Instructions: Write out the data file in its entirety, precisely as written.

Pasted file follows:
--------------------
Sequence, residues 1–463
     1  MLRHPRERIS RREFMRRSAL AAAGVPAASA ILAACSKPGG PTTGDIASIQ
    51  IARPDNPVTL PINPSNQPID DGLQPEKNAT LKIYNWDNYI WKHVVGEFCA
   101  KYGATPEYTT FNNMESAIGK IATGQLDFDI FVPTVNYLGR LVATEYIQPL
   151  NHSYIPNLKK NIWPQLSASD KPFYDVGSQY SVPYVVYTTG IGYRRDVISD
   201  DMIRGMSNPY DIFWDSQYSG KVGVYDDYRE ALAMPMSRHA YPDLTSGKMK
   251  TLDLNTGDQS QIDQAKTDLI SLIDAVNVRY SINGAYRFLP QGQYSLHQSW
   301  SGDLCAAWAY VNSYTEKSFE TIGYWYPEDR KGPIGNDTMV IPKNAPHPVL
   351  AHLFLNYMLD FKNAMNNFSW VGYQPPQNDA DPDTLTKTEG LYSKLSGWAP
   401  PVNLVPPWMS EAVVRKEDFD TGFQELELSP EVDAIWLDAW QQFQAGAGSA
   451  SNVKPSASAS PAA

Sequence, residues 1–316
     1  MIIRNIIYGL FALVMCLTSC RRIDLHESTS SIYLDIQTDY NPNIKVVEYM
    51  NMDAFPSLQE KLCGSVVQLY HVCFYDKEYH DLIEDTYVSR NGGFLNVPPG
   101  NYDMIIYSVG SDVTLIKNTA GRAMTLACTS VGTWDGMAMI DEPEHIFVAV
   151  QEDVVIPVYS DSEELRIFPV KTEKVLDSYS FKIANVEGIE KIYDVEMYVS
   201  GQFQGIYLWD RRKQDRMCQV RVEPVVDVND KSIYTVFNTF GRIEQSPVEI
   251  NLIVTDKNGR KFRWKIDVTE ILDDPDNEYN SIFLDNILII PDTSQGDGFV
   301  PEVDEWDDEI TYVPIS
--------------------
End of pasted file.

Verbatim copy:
Sequence, residues 1–463
     1  MLRHPRERIS RREFMRRSAL AAAGVPAASA ILAACSKPGG PTTGDIASIQ
    51  IARPDNPVTL PINPSNQPID DGLQPEKNAT LKIYNWDNYI WKHVVGEFCA
   101  KYGATPEYTT FNNMESAIGK IATGQLDFDI FVPTVNYLGR LVATEYIQPL
   151  NHSYIPNLKK NIWPQLSASD KPFYDVGSQY SVPYVVYTTG IGYRRDVISD
   201  DMIRGMSNPY DIFWDSQYSG KVGVYDDYRE ALAMPMSRHA YPDLTSGKMK
   251  TLDLNTGDQS QIDQAKTDLI SLIDAVNVRY SINGAYRFLP QGQYSLHQSW
   301  SGDLCAAWAY VNSYTEKSFE TIGYWYPEDR KGPIGNDTMV IPKNAPHPVL
   351  AHLFLNYMLD FKNAMNNFSW VGYQPPQNDA DPDTLTKTEG LYSKLSGWAP
   401  PVNLVPPWMS EAVVRKEDFD TGFQELELSP EVDAIWLDAW QQFQAGAGSA
   451  SNVKPSASAS PAA

Sequence, residues 1–316
     1  MIIRNIIYGL FALVMCLTSC RRIDLHESTS SIYLDIQTDY NPNIKVVEYM
    51  NMDAFPSLQE KLCGSVVQLY HVCFYDKEYH DLIEDTYVSR NGGFLNVPPG
   101  NYDMIIYSVG SDVTLIKNTA GRAMTLACTS VGTWDGMAMI DEPEHIFVAV
   151  QEDVVIPVYS DSEELRIFPV KTEKVLDSYS FKIANVEGIE KIYDVEMYVS
   201  GQFQGIYLWD RRKQDRMCQV RVEPVVDVND KSIYTVFNTF GRIEQSPVEI
   251  NLIVTDKNGR KFRWKIDVTE ILDDPDNEYN SIFLDNILII PDTSQGDGFV
   301  PEVDEWDDEI TYVPIS